July 3, 2013

It's Not a Myth.


Latin Cross
My friend Shirley and I met when we were about four years old. But after high school, sometime in the 1980s, we lost touch. She joined the military, traveled the world, experienced countless foreign cultures, languages, and cuisines. We finally reconnected this year.

Like myself, she was raised in a (nominally) Christian household; but during the course of her travels, she became fascinated by the religions she encountered. Some of these legends sounded like the Christian traditions she knew. And most of them preceded Jesus by several centuries. How about that?
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The more she studied, the more she became convinced that Christianity is merely a syncretic mishmash of fantastic miraculous claims borrowed from here and there. After all, there were other gods and prophets who were born of virgins; others who were called “son of God;” others who died on a cross and rose again. And so on. But the more I investigate these claims, the more I see that they’re are either slanted, misinterpreted, or just plain false.
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For example, the Egyptian sun god Horus was said to be born of a virgin. But if you investigate the legend, it turns out that he was conceived through a lewd act with a golden phallus. (Is that a miracle, or a perversion? You decide.) Not quite the same as the experience of Mary and Jesus.

Another claim that caught my attention, has to do with the symbol of the cross. Some say that it was borrowed from the Egyptian Ankh. Or the Hindu Swastika (an ancient holy symbol long before it was co-opted by the Nazis). In northern Europe, a cross represents the sun god Odin. Hence, when the Christians adopted a cross as their identifying symbol, it was a flagrant attempt to claim false legitimacy by stealing a familiar icon.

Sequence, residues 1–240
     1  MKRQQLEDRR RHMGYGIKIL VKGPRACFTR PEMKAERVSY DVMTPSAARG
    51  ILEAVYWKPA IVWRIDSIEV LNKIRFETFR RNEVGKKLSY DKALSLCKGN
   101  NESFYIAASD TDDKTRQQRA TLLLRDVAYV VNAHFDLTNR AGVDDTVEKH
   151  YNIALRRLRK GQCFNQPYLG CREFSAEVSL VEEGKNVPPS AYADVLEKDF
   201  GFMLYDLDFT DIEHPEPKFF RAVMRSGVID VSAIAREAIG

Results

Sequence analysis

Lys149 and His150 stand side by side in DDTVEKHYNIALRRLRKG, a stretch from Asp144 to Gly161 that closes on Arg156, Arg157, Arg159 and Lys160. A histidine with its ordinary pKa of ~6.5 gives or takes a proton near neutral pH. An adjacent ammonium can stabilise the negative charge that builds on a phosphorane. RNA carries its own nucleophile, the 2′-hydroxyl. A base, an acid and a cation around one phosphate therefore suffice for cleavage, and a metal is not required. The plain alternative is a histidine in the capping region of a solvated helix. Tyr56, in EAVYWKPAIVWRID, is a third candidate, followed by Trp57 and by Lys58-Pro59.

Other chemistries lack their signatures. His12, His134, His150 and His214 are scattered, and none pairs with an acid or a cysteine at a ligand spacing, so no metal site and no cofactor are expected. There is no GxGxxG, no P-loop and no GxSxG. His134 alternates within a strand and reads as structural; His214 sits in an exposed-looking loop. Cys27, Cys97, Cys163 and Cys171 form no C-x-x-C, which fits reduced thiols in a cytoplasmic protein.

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Unfortunately for the conspiracy theorists, this claim only goes to display their ignorance.

First, in order to have an honest discussion, let’s be sure to compare apples-to-apples. Surely, most students of religion know that religions (including Christianity) tend to evolve and get corrupted over time. So if you’re going to compare Jesus to the others, let’s start at the beginning. That is, we should study the teaching of Scripture, and of known history (which is attested even by atheists), instead of the traditions introduced by fallible humans through the ages.

So with this in mind, we must ask: What type of religious meaning did the earliest Christians attach to the symbol of the cross? The answer: NONE. Zero. Zilch. They didn’t display it in their houses of worship, or in their homes, and they didn’t wear it as a tattoo. They didn’t argue with civil authorities to build a giant cross on top of a hill, that it might be seen by travelers on the highway below. When they used an icon at all, it was the symbol of a fish, to mark their clandestine meeting places.

Does this surprise you?

Yes, of course, these early disciples knew that their Lord died on a cross. And indeed the New Testament makes many references to it, to remind us of his sacrifice. But at the same time, they recognized it for what it was: A brutal means of torture and capital punishment, imposed by Rome for serious crimes. Public executions were common during this time; Jesus wasn’t the first “criminal” to be killed in this way, and he wasn’t the last. (Now, just imagine yourself wearing a miniature electric chair as a pendant on a gold chain around your neck. Get the idea? It would be a preposterous proposition for the early Christians to turn a "holy" symbol into a fashion accessory.)
Tau Cross

The Romans didn’t invent this practice, of course. But let us examine what a typical Roman crucifixion looked like: